In response to global concern about the loss of tropical rainforests, Malaysia has promised to limit its palm plantations to a total of 6 million hectares. Malaysia will also work to certify all domestic production as sustainable by the end of 2019.
Now that Malaysian palm oil companies are limited in domestic expansion opportunities, some refiners are searching for acquisitions in Central and South America. For example, Bloomberg reports that Sime Darby Plantation hopes to purchase Latin American assets and therefore improve its margins by producing palm oil closer to the European and North American markets. Colombia may offer the best near-term prospects as it is already the top Latin American producer at over 1.6 million metric tons per year. Honduras, Ecuador, and Brazil also produce palm oil, and together produce about as much as does Colombia.
The European Union uses around 6.7 million metric tons of palm oil each year, split 55-45 between industrial and food uses. While Europe has restricted the future use of palm oil in biodiesel production, the tropical oil is still in high demand for food applications and other industrial uses, such as soap and detergent.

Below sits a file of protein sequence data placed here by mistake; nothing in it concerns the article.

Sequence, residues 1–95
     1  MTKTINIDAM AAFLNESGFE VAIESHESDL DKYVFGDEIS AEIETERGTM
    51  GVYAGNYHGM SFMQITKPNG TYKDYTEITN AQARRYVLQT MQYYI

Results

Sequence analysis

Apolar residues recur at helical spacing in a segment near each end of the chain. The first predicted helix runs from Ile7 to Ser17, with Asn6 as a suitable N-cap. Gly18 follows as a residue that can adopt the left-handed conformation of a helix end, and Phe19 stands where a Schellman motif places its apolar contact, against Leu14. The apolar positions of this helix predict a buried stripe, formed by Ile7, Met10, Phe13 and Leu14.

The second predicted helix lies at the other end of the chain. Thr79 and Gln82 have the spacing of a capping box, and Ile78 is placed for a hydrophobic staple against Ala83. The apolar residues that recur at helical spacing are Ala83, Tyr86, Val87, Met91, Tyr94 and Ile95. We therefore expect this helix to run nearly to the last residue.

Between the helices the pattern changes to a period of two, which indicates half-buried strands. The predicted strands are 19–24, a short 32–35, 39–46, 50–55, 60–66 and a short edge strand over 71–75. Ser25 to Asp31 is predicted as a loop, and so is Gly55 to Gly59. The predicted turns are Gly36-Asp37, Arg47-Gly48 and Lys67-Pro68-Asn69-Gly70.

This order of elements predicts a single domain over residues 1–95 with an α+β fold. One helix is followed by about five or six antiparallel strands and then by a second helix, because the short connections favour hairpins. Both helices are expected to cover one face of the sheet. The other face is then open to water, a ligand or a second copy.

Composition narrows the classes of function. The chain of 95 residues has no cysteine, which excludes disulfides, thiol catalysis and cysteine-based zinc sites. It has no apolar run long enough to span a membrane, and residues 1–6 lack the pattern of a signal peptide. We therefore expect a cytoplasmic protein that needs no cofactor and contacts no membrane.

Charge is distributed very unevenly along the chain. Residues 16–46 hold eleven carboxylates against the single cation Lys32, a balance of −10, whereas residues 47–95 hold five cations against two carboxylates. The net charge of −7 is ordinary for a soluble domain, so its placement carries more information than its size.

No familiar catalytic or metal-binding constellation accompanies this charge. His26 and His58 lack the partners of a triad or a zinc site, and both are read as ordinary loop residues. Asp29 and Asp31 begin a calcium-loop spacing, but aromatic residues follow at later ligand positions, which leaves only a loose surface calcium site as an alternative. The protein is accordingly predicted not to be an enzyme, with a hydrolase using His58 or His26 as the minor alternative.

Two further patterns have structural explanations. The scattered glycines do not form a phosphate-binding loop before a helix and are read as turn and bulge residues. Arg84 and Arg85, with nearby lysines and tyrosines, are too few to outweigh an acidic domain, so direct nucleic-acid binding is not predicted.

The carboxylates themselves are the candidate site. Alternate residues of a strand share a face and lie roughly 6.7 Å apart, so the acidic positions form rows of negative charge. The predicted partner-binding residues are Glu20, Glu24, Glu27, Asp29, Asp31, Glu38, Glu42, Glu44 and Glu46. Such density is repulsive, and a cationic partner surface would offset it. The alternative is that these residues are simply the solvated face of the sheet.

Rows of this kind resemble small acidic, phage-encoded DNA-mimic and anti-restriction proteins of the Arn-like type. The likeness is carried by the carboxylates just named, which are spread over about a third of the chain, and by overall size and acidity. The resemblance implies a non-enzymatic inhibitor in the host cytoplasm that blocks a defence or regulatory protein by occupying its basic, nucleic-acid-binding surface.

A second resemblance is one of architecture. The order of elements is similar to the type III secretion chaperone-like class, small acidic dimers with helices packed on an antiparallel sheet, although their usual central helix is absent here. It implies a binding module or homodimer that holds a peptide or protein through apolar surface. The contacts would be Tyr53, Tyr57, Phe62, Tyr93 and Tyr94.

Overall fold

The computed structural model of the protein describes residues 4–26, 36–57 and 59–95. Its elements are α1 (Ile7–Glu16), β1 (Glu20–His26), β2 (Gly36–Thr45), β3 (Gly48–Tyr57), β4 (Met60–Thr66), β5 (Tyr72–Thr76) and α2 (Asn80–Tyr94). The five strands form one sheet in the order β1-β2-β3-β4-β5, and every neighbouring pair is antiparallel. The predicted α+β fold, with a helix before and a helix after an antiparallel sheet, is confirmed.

Palm oil utilization in the U.S. is about one-fourth the EU’s volume, and the food industry accounts for almost 80 percent of total use. Use has grown about 25 percent over the last five years. The price of substitutable soybean oil directs the price of palm oil in the U.S. market, which has pressured palm oil refiner profitability for some time, and a decrease in transportation costs would be a welcome boost to refiner margins.
U.S. monthly palm oil imports vs. average soybean oil futures price
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